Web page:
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Writer Jen Kirsch lost her mother over 15 ago so she knows first hand how hard it can be to celebrate the holiday season when you have to do it without a loved one.
The only constant we have is change—so the saying goes. But those who have lost a loved one know that loss is another constant. The fact that one of the people you loved most in the world is no longer there is something that stays with you no matter how many years go by and no matter how much you’re hoping to avoid the emotional aftermath. It’s in stone. And that loss can be especially felt during the holidays.
I know this first hand.
I lost my mom when I was 18-years-old after a courageous battle with breast cancer. It metastasized and took over her body and ultimately her life, and for a while, mine too.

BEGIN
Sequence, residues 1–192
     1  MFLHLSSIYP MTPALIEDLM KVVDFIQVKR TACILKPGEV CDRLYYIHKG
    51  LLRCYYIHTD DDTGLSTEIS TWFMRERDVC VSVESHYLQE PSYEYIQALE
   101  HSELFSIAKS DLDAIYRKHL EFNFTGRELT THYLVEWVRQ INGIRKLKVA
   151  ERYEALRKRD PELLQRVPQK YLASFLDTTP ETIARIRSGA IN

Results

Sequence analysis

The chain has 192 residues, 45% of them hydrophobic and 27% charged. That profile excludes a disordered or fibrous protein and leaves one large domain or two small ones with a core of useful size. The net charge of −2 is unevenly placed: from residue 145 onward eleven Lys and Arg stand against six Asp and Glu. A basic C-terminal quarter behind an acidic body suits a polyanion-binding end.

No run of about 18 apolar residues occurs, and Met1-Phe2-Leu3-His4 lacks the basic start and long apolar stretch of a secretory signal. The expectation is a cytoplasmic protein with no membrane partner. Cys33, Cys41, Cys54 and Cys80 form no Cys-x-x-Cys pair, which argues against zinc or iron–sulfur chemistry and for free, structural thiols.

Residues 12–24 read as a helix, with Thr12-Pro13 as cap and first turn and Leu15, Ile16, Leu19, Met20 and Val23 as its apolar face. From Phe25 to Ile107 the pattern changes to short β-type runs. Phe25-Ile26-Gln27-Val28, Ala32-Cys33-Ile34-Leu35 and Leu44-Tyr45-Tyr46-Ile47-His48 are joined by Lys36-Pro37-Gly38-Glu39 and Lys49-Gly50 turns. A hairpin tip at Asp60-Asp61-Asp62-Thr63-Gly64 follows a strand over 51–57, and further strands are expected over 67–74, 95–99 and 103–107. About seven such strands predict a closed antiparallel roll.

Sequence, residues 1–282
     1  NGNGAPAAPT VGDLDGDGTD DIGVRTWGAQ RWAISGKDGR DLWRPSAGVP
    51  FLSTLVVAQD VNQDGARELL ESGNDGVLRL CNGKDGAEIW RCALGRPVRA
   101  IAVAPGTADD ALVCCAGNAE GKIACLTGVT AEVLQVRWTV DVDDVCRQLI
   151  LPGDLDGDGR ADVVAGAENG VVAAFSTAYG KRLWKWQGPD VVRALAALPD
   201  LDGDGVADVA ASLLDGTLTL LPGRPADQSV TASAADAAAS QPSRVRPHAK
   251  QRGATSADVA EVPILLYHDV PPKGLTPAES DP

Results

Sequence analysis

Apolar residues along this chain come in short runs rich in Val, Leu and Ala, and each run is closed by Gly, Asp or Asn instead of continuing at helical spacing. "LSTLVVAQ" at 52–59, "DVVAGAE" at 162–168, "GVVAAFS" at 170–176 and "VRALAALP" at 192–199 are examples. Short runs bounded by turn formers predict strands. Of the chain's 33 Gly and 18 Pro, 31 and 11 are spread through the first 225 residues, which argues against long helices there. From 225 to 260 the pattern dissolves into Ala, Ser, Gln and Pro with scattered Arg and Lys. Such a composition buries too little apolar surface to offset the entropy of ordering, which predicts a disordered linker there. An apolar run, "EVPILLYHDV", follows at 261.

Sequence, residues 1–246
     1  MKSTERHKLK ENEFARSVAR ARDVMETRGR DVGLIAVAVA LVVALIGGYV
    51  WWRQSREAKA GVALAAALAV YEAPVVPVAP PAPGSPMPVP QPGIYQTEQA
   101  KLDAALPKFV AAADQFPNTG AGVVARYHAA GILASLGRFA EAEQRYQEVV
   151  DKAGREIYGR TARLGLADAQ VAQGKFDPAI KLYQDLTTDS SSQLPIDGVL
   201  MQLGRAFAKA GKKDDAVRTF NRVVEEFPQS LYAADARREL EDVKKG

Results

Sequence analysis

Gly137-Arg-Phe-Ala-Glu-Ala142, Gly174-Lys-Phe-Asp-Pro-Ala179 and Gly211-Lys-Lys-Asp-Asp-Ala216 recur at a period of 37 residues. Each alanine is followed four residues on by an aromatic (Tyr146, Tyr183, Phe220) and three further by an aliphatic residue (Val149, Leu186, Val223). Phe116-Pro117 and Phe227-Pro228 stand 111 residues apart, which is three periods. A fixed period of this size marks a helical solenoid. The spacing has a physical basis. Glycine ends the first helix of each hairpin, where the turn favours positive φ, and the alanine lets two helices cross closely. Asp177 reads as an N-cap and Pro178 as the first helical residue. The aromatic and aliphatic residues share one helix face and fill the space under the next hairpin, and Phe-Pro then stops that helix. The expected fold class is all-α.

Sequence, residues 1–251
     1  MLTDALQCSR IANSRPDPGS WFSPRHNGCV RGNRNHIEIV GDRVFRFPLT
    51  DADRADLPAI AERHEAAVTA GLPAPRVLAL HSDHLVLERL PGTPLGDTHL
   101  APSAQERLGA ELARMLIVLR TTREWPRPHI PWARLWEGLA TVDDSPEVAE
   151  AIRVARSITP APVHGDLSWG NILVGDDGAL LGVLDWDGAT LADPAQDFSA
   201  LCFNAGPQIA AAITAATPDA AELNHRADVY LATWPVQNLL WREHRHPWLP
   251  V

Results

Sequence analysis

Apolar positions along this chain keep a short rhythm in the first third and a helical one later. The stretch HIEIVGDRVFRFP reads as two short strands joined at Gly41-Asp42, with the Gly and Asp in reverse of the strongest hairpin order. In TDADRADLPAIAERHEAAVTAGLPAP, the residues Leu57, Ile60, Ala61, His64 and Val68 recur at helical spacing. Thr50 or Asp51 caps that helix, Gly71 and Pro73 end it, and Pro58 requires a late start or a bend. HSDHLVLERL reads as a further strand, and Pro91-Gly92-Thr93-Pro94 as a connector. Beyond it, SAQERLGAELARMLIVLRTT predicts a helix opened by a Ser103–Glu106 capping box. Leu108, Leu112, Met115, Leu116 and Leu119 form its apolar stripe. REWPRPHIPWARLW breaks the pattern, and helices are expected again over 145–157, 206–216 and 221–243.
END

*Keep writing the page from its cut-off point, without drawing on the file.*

She passed two weeks before I started my first year of journalism school, and I threw myself into my studies, not telling any of my new friends or my teachers about my loss. I kept on keeping on as if nothing had happened, and it wasn’t until the school year ended and Mother’s Day was approaching, that I finally had a moment to feel her loss.
I wasn’t prepared to face Mother’s Day, and reality, so I booked a trip to Europe with a high school friend and jetted off to a country that didn’t celebrate that monumental day. As the summer passed and the Jewish holidays came, I struggled. I wanted to leave the city again. To run. Over the years, I’ve done a lot of running. My father always respected my journey and my way of coping, but looking back I wish I was more present for those in my life who were still living, there to create memories and savour my time with them.